canonical correlation analysis (CCA) forecast of SST in the central Pacific
(Barnett et al. 1988, Science, 241, 192‑196; Barnston and
Ropelewski 1992, J. Climate, 5, 1316‑1345), is shown in Figs.
F1 and F2. This forecast
is produced routinely by the Prediction Branch of the
. The predictions from the National Centers for
Environmental Prediction (NCEP) Coupled Forecast System Model (CFS03) are
presented in Figs. F3 and F4a,
from the Markov model (Xue, et al. 2000: J. Climate, 13,
849‑871) are shown in Figs. F5 and F6.
Predictions from the latest version of the LDEO model (Chen et al.
2000: Geophys. Res. Let., 27, 2585‑2587) are shown in Figs.
F7 and F8.
Predictions using linear inverse modeling (Penland and Magorian 1993:
J. Climate, 6, 1067‑1076) are shown in Figs. F9
and F10. Predictions from the Scripps / Max
Planck Institute (MPI) hybrid coupled model (Barnett et al. 1993: J.
Climate, 6, 1545‑1566) are shown in Fig. F11.
Predictions from the ENSO‑CLIPER statistical model (Knaff and
Landsea 1997, Wea. Forecasting, 12, 633‑652) are shown in
Niño 3.4 predictions are summarized in Fig. F13,
provided by the Forecasting and Prediction Research Group of the IRI.
The CPC and
the contributors to the Forecast Forum caution potential users of this
predictive information that they can expect only modest skill.
A transition from ENSO-neutral
to La Niña conditions is possible during the next 2-3 months.
The pattern of anomalous sea surface
temperatures (SSTs) during April 2007 was consistent with ENSO-neutral
conditions in the tropical Pacific, with average to below-average SSTs
extending from the date line to the west coast of
(Fig. T18). The
latest SST departures are slightly positive in the Niño 4 and Niño 3.4
regions, slightly negative in the Niño 3 region and negative in the Niño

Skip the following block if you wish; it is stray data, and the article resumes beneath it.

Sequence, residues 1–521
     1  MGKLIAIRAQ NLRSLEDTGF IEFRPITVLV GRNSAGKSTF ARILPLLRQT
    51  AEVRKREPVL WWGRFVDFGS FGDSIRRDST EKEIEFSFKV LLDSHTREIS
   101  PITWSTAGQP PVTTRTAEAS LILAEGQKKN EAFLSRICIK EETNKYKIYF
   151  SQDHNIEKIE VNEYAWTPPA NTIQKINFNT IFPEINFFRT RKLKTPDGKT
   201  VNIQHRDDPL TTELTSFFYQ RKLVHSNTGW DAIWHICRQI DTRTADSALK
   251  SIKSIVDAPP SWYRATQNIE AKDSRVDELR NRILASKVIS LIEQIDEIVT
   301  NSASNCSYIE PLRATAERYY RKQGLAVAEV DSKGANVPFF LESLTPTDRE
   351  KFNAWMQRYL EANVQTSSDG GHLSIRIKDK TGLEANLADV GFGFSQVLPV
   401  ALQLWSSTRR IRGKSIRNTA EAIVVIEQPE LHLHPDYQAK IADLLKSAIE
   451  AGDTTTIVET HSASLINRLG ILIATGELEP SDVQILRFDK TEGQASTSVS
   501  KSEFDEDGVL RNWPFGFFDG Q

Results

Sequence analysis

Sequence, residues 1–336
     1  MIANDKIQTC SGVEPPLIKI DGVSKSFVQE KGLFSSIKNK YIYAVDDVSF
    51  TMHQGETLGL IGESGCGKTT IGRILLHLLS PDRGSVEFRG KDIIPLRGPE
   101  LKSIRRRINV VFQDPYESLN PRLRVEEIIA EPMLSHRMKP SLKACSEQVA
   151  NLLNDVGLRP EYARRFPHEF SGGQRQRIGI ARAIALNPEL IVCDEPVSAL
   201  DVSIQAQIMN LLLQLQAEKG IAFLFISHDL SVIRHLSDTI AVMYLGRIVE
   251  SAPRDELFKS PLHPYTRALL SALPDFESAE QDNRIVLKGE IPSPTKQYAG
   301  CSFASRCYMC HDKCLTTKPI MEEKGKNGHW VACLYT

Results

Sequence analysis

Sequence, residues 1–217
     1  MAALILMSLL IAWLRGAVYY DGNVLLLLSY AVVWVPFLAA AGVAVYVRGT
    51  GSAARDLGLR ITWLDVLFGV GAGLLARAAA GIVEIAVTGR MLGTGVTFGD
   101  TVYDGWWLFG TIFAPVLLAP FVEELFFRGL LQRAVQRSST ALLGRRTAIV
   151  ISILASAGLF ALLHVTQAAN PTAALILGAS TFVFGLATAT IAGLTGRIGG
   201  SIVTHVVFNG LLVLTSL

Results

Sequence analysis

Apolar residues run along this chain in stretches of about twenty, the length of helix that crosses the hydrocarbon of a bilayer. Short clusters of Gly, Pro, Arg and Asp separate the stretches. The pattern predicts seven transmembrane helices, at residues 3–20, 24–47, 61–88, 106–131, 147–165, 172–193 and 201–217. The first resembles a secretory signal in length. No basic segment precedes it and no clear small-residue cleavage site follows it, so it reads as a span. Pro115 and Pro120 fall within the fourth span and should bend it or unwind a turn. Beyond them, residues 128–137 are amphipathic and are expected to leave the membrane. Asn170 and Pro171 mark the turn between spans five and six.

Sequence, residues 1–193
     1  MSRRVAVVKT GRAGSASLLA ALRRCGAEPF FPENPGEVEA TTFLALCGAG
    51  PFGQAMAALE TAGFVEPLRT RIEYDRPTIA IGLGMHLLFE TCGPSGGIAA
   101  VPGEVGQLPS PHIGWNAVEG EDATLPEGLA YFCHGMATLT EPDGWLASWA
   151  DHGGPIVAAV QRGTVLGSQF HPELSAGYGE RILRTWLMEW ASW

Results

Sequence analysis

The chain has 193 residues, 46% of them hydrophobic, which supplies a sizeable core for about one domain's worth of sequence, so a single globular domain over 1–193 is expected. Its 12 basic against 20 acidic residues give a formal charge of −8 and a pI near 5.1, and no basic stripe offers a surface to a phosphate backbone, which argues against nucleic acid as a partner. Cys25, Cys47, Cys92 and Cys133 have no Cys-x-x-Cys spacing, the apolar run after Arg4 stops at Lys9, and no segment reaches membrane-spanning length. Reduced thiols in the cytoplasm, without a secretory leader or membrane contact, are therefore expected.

1+2 region (Table T2). An area of
anomalously warm SSTs persisted well west of the date line (near 150ºE) (Fig.
equatorial upper-ocean heat content (average temperature departures in the
upper 300 m of the ocean) remained below-average across the central and
east-central equatorial Pacific, with temperatures at thermocline depth
generally 2°-4°C below average (Fig. T17).
Consistent with the surface and sub-surface temperature patterns,
stronger than-average low-level easterly winds persisted over the central
equatorial Pacific (Figs. T7
and convection was enhanced over the western equatorial Pacific and
suppressed east of the date line (Fig.
T25). Collectively, these atmospheric and oceanic conditions
continue to reflect an evolution toward a Pacific cold (La Niña) episode.
The value of the Oceanic Niño Index (ONI;
3-month running mean average of SST anomalies in the Niño 3.4 region –
computed using the Extended Reconstructed SST version-2 data set) for
February – April 2007 is +0.1°C, which reflects ENSO-neutral conditions in
the tropical Pacific. Most
of the statistical and coupled model forecasts, including those from the NCEP
Climate Forecast System (CFS), indicate below-average SSTs in the tropical
central and eastern Pacific during the next several months (Figs. F1,
F2, F3, F4a,
F4b, F5, F6,
F7, F8, F9,
F10, F11, F12
and F13). Some forecast models, including the CFS, indicate a transition to
La Niña during May-July 2007. These forecasts are consistent with the observed evolution
in atmospheric and oceanic conditions towards a Pacific cold episode.
However, the spread of the most recent statistical and coupled model
forecasts (ENSO-neutral to La Niña) indicates considerable uncertainty as to
exactly when La Niña might develop and how strong it might be.
updates of SST, 850-hPa wind, OLR and features of the equatorial subsurface
thermal structure are available on the
Center homepage at: